Advertising of Coca-Cola
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Diet Coca-Cola is a sugar-free soft drink produced and distributed by The Coca-Cola Company. It was introduced in the United States in July 1982, and was the first new brand since 1886 to use the Coca-Cola trademark.
Diet Coke has always been aimed at young women in their 20вЂ™s, this reason probably being is that women tend to worry more about their weight than men do.
Advertising diet coke
The most famous Diet Coke TV advert which makes its target audience clear must be the one from 1996.
The advert shows a bunch of women buzzing around their office telling each other вЂњits 11:30! ItвЂ™s 11:30!вЂќ and then they all go to the window where they see a sexy builder lay down his toolsвЂ¦ then the tune of вЂњI donвЂ™t want to work all dayвЂ¦ I donвЂ™t want to be no slaveвЂќ sounds as the women watch the builder peel off his vest and drink a can of diet coke.
The marketing strategy behind this ad was to make Coca-Cola look sexy. And because it had no calories, it meant you could look sexy while drinking it, and feel sexy afterwards. However the advert wasnвЂ™t really aimed for a male audience, although the company wasnвЂ™t aiming at male audiences. Diet coke was shown for being one for the ladies, guys had regular coke.
After a while the Coca-Cola Company became concerned that Diet coke is only aimed at females and began to think of new strategies which could target members of the opposite sex who usually shun the soft drink because of its feminine image.
In the UK the sugar-free benefit of Diet Coke has historically been more relevant to women, so Diet Coke had become a female-biased brand. The marketing reflected this – especially the advertising. The brand has a heritage of 1980s iconic advertising with broader appeal, but more recent advertising had a clear female bias, and was failing to engage a wider audience.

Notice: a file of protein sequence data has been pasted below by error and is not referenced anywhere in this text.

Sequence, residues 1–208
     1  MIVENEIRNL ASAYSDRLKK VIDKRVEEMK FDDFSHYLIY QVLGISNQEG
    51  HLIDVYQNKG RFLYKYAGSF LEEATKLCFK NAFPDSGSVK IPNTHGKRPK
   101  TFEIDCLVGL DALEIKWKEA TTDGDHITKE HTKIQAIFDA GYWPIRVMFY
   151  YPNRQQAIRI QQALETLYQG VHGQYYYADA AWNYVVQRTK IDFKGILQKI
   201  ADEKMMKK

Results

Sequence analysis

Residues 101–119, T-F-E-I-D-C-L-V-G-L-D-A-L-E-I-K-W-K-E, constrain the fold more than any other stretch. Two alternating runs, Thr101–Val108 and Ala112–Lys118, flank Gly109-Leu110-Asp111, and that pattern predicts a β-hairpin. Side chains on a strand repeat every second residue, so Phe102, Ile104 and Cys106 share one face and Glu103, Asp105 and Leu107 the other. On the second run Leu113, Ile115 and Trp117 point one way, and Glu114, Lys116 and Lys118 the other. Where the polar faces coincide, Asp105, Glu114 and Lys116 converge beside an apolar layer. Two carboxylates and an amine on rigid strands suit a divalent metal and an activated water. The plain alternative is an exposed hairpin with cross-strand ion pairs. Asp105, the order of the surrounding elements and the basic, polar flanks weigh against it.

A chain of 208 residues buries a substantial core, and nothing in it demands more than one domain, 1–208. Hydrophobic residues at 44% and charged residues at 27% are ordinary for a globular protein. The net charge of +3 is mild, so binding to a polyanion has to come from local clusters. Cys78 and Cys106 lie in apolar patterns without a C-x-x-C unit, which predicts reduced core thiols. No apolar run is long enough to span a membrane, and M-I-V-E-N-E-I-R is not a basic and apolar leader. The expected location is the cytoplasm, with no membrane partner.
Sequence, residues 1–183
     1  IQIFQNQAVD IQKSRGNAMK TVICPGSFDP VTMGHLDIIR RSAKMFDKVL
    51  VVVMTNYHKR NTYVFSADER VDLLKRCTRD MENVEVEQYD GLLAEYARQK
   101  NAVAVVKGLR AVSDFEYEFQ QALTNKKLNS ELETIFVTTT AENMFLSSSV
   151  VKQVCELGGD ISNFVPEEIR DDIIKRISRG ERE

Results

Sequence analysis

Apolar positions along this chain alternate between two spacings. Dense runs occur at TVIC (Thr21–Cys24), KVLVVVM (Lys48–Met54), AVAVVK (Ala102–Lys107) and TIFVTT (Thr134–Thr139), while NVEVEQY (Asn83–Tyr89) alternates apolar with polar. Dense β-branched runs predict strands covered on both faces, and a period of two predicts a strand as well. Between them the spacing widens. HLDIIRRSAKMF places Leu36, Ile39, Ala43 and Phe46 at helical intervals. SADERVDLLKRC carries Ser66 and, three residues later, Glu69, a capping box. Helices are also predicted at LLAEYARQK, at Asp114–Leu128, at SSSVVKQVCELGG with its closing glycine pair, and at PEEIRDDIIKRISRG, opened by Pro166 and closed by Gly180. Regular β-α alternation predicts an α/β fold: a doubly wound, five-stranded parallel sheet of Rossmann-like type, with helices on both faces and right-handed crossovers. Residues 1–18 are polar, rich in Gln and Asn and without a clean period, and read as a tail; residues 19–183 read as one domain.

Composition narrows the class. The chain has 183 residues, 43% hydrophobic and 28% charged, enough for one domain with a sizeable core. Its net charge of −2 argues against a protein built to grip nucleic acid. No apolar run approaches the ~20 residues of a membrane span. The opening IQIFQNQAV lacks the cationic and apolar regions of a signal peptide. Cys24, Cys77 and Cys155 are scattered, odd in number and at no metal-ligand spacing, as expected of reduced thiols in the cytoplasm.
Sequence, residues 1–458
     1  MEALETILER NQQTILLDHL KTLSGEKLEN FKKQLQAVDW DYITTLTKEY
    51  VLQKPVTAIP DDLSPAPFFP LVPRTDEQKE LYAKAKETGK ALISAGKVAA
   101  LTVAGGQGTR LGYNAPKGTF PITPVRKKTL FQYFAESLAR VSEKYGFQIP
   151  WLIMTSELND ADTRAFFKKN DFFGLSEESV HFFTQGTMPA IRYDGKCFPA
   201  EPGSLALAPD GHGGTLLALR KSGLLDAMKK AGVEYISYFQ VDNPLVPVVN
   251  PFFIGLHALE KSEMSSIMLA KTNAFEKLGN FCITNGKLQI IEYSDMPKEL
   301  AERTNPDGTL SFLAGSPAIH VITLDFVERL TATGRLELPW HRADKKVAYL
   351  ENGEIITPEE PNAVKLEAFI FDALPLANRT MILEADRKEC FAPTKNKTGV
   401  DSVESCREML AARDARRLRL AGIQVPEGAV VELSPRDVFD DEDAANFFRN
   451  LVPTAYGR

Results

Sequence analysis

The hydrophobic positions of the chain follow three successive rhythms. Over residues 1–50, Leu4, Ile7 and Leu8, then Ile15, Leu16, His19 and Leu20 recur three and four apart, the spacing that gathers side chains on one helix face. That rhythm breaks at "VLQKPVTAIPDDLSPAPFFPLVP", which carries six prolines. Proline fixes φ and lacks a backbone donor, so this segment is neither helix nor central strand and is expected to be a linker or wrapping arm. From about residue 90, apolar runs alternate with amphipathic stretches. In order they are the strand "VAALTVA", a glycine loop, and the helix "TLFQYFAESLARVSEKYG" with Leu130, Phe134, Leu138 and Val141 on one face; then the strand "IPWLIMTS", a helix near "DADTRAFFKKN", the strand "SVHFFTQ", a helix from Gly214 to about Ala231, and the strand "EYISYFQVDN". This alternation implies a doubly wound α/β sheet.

However, with the increasing consumer trend towards balance in diet for men as well as women, the Diet Coke product has become a more motivating proposition for men. Changes in the Diet Coke consumption profile are reflecting this with more than 40% volume now coming from men. This is an audience who is now buying into the rational product benefits of Diet Coke, but still seeing the brand as being for women and not for them.
A campaign was needed to prompt brand reappraisal and emotional connection with a new audience for Diet Coke: young men in their 20s. The communication needed to broaden the brands appeal and relevance to fully engage them.
A campaign featuring “Tort” – a tortoise with a can of Diet Coke on his back and a love of life – was developed to reach a unisex audience in their 20s. The advertising demonstrates that drinking Diet Coke helps fuel your confidence to participate in life and connect with others.
A tortoise is normally known for being slow and reserved. But in this case, Tort ironically dramatises the Diet Coke brands love of life philosophy. His actions are beyond his normal capabilities because of the vibrant self-confidence Diet Coke gives him. Torts personality and humour allows the brand to communicate rational messages in a highly engaging way.
The campaign was launched in December 2004 and ran on TV, cinema, posters, press, and online. Its being accompanied by a strong synergistic in-store POS presence, and the biggest sampling campaign ever in the history of Coca-Cola GB.
The 40 second advertisement features a little tortoise with a can of diet coke on its back. The advert goes to show the tortoise doing normal вЂњguyвЂќ things such as playing football, chatting up girls and skateboarding.
Outcome of campaign
According to the Coca-cola website the campaign is seen as strongly branded and well-integrated, with a higher awareness index than any Diet Coke advertising within the previous five years.
Diet Coke grew by +14% in July year on year and Diet Coke continues to perform strongly to date. DKO Lime had hit its target by July and according to Millward Brown, positive purchase intent for Diet Coke has increased directionally